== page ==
Visit - Travel the Lewis and Clark Expedition (U.S. National Park Service)

Lewis and Clark expedition 1805-6 Credit: National Park Service.

But Jefferson understood that a nation broken up by physical obstacles such as the western mountains would be difficult to hold together. Instead of a continental republic, he thought an independent Pacific Republic more likely. “Nature herself has marked out Western America for the home of an independent nation,” he wrote. In the west would rise a “great, free and independent empire” allied with its kindred nation to the east. Governing the Pacific Coast from the east would work no better than governing the American colonies from London, the old revolutionary knew. For several decades, until Americans began migrating en masse down the Oregon Trail in the 1830s and ‘40s, it was mostly a theoretical proposition. The U.S. was quite content to manage the Oregon Territory in condominium with Great Britain.

By those decades new technologies were emerging that promised to make governance possible on broader scales than ever before imagined. Rome had highways that cemented its empire, the Mongols a network of horsemen that united theirs. The U.S. was starting to take advantage of far more powerful connectors. A coast-to-coast nation could be linked by railroads which reduced trips from months to days, and the unprecedented revolution in near instantaneous communications, the “Victorian Internet” that was the telegraph. Railroads did not span the continent until 1867. But their growth fed the drive for a coast-to-coast nation, which James Polk consummated during his late 1840s presidency with the Mexican-American War extending the U.S. to California, and Oregon Compromise divvying up the territory with Britain.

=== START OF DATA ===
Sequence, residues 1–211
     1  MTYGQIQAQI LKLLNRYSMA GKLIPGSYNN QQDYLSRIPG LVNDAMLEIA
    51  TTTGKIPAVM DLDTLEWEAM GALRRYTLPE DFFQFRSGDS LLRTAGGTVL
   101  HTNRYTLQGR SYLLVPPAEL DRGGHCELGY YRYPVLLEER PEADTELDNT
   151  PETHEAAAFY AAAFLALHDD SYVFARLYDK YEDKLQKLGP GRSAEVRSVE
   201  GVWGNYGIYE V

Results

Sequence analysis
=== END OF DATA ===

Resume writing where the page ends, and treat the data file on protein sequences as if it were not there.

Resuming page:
When a part of the nation tried to strike out on its own, it was Jefferson’s own south. Anticipation of the bloodiest war in American history made Jefferson, write when speaking of the slavery in which he was so implicated, “I tremble for my country when I reflect that God is just.” Pacific states also made noises about going their own way in those days. If the south had been successful, they might well have done so. But settlement was still young and thin, and dependence on eastern markets and resources great. Not much was heard of the Pacific Republic after the Civil War.

Then in the 1970s Ernest Callenbach wrote his novels of Ecotopia, the mythic West Coast Green breakaway republic composed of Oregon, Washington and Northern California. Joel Garreau in his 1981 The Nine Nations of North America portrayed a Chile-like coastal strip of the same name extending from California to Southeast Alaska. Colin Woodward would later map much the same boundaries, calling it The Left Coast, in his 2011 work, American Nations.